Please use this identifier to cite or link to this item: https://scholarbank.nus.edu.sg/handle/10635/223181
Title: GREEN MARK GRADING AND OCCUPANT �S MENTAL HEALTH: A STUDY ON SINGAPORE �S OFFICE BUILDINGS
Authors: LIM HWEE ZHI
Keywords: Huang Wei
Real Estate
RE
2019-2020 RE
Issue Date: 20-May-2020
Citation: LIM HWEE ZHI (2020-05-20). GREEN MARK GRADING AND OCCUPANT �S MENTAL HEALTH: A STUDY ON SINGAPORE �S OFFICE BUILDINGS. ScholarBank@NUS Repository.
Abstract: BCA’s Green Mark Scheme (GMS) is a popular initiative known to promote sustainability and drive the built industry towards more environment-friendly buildings. There are numerous studies on GMS and its energy conservation benefits. However, less widely known is its potential to provide a healthy indoor environmental quality (IEQ) that can enhance the mental health of occupants. As Singapore’s working population spend longer hours at work, the IEQ of an office building plays a major role on occupants’ cognitive behaviours. Therefore, this research paper explores the impact of Green Mark certified office buildings on occupant’s mental health. In this study, the objectives are: (1) To determine whether occupants in Green Mark certified office buildings display better mental health as compared to those in Non-Green Mark certified office buildings. (2) To determine if there is a significant difference in mental health between occupants from office buildings with different levels of Green Mark Grading (Certified, Gold, Gold Plus & Platinum). Empirical results showed that occupants from Green Mark certified office buildings do display better mental health in factors such as absenteeism, ability to cope with stress, productivity, stress and anxiety levels. In addition, this study found that there is a significant difference in occupant’s mental health between higher and lower tiers. Insights from professionals and explanatory research also showed that enhanced mental health in employees lead to increased job satisfaction, indirect financial paybacks and lesser staff costs. Limitations of this study include a lack of resources and time span to carry out an extensive research to further prove the association. Hence, future studies may bridge the gaps in this study and provide a holistic framework to further highlight the relationship between green buildings and mental health to the industry.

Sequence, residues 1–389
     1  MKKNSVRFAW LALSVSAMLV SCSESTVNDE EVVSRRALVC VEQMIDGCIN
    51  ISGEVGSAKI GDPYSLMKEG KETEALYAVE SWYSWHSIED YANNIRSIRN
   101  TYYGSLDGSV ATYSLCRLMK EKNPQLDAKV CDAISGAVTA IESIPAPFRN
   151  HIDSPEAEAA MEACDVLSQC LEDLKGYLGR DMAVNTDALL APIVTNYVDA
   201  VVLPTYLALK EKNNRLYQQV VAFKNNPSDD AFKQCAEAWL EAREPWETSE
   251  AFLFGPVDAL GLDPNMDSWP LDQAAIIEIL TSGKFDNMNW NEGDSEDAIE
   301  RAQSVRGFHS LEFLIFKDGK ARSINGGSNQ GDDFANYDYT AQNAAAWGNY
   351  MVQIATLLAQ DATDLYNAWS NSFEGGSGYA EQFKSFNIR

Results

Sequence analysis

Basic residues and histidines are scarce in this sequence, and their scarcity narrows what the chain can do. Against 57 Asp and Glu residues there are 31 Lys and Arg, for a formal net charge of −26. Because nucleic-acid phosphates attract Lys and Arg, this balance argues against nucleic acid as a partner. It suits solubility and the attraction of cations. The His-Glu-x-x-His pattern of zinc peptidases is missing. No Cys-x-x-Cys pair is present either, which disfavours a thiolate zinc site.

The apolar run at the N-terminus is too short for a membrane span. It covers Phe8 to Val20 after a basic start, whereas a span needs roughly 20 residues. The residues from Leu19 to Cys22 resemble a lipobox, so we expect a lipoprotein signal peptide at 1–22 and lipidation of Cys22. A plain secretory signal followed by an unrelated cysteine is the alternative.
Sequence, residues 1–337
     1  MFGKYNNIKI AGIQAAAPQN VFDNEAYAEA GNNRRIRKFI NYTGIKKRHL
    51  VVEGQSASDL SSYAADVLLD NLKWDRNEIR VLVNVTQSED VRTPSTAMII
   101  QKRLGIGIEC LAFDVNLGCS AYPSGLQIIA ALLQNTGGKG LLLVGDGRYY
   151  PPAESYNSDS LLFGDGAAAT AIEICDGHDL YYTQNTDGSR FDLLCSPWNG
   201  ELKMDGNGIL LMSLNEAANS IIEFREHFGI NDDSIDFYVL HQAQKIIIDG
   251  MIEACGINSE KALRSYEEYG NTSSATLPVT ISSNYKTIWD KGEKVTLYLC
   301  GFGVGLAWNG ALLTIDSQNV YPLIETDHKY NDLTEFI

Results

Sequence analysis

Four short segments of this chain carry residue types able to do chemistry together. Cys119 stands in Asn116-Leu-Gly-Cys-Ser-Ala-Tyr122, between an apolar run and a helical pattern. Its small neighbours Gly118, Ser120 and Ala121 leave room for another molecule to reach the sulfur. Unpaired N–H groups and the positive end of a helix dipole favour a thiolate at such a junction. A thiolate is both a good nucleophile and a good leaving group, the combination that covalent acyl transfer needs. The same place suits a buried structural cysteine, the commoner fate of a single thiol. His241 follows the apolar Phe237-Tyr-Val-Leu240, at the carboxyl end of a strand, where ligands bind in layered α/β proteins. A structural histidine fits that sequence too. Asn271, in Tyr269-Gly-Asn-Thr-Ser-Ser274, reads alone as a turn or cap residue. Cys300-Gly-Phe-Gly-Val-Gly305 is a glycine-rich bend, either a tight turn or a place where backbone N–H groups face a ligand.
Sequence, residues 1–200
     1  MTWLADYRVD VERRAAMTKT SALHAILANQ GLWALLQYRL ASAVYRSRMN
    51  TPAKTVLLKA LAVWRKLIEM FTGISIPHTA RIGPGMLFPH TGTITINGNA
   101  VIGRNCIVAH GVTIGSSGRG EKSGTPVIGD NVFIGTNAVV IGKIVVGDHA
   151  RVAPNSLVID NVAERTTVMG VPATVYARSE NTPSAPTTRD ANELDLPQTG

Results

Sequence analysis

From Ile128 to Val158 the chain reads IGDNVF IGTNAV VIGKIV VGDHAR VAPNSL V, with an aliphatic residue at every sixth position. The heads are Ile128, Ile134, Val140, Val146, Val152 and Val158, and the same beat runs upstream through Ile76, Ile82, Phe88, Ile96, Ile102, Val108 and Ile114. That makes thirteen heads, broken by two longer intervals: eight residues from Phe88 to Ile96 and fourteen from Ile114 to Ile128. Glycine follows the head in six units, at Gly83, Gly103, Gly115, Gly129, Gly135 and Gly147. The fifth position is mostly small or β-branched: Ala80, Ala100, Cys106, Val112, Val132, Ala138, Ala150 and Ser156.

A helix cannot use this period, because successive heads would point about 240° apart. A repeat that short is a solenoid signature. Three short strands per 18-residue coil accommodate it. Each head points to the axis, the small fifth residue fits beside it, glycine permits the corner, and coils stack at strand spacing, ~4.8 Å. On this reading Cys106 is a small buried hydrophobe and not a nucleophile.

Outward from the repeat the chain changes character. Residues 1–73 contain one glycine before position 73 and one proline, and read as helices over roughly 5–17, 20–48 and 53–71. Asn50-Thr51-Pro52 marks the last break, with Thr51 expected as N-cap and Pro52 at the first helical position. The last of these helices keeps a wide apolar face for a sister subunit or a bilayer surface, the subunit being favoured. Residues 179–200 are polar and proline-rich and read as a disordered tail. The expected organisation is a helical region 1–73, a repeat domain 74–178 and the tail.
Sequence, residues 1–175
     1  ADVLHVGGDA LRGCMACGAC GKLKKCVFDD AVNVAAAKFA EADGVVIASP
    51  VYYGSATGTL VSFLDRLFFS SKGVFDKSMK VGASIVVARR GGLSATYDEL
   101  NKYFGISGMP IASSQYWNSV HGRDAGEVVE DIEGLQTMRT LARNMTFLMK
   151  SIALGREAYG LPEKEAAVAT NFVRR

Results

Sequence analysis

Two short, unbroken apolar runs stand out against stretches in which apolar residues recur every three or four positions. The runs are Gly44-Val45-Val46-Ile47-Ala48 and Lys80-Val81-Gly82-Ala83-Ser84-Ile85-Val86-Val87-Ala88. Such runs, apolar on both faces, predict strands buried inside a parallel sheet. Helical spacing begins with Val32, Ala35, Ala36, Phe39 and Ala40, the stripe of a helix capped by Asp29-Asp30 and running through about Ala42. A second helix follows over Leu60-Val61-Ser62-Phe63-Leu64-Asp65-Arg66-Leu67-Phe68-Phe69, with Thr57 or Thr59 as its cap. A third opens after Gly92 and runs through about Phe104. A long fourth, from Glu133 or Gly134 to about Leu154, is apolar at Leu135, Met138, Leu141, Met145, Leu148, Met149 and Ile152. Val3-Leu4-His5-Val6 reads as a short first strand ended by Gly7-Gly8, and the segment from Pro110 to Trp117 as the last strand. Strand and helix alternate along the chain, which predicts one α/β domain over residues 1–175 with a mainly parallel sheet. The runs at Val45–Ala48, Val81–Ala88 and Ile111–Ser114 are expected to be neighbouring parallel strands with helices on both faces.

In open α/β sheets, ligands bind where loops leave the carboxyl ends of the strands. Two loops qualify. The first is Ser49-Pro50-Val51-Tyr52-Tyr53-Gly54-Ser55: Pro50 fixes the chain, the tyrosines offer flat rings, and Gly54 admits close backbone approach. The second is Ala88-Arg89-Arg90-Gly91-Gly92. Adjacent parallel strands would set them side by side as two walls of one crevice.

URI: https://scholarbank.nus.edu.sg/handle/10635/223181
Appears in Collections:Bachelor's Theses

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